11. See, e.g., Peter Annin, Superpredators Arrive: Should We Cage the New Breed of Vicious Kids?, Newsweek, January 22, 1996, at 57. See also Jerome Miller, Riding the Crime Wave: Why Words We Use Matter So Much, Nieman Reports: The Nieman Foundation for Journalism at Harvard University, Winter 1998, at 47 (analyzing the effects of “super-predator” rhetoric in the media).
12. See, e.g., House Committee on Economic and Educational Opportunities, Subcommittee on Early Childhood, Youth and Families, Hearings on the Juvenile Justice and Delinquency Prevention Act, Serial No. 104-68, 104th Cong., 2d sess., 1996, at 90 (statement of Rep. Bill McCollum, chairman, Subcommittee on Crime, House Judiciary Committee) (“Brace yourself for the coming generation of ‘super-predators.’ ”).
13. See, e.g., Franklin E. Zimring, The Youth Violence Epidemic: Myth or Reality?, 33 Wake Forest L.Rev. 727 (1998) (analyzing juvenile crime statistics and concluding “there never was a general pattern of increasing adolescent violence in the 1980s and 1990s.”).
14. Laurence Steinberg, Temple University, Congressional Research Briefing, Should Juvenile Offenders Be Tried As Adults? A Developmental Perspective on Changing Legal Policies (Jan. 19, 2000), available at http://www.jcpr.org/wpfiles/Steinberg-briefing.pdf (hereinafter “Steinberg”).
15. Id. at 3 (emphasis added).
16. Laurence Steinberg & Elizabeth Cauffman, The Elephant in the Courtroom: A Developmental Perspective on the Adjudication of Youthful Offenders, 6 Va. J. Soc. Pol'y & L. 389, 398-399 (1999) (hereinafter “Steinberg & Cauffman”).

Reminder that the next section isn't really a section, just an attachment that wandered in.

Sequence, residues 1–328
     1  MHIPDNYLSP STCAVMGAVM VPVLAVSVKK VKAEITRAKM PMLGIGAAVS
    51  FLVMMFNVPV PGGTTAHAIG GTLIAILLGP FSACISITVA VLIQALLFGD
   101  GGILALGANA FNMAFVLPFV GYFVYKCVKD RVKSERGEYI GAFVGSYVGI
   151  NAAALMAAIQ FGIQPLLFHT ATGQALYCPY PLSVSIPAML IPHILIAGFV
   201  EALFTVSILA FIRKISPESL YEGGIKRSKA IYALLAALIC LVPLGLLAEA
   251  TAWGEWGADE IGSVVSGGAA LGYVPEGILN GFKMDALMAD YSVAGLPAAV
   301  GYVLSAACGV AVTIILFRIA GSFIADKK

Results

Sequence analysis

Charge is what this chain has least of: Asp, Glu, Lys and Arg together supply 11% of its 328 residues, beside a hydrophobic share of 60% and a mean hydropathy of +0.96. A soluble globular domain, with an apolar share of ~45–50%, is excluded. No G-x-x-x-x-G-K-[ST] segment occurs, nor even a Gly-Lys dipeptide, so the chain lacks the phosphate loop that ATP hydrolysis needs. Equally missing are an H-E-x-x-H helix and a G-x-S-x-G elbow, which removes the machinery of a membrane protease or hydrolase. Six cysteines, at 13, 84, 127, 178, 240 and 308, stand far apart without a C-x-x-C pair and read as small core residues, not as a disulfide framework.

17. Steinberg, supra, at 4-5; Thomas Grisso, The Competence of Adolescents as Trial Defendants, 3 Psych. Pub. Pol. and L. 3 (1997); Thomas Grisso, et al., Juveniles' Competence to Stand Trial: A Comparison of Adolescents' and Adults' Capacities as Trial Defendants, 27 L. and Human Behavior 333 (2003).
18. Steinberg, supra, at 5-6.
19. Laurence Steinberg & Elizabeth S. Scott, Less Guilty by Reason of Adolescence: Developmental Immaturity, Diminished Responsibility, and the Juvenile Death Penalty, 58 Am. Psychologist 1009 (2003); Juvenile Justice Center, American Bar Association, Adolescence, Brain Development, and Legal Culpability (2004), available at www.abanet.org/crimjust/ juvjus/Adolescence.pdf.
20. Steinberg, supra, at 7.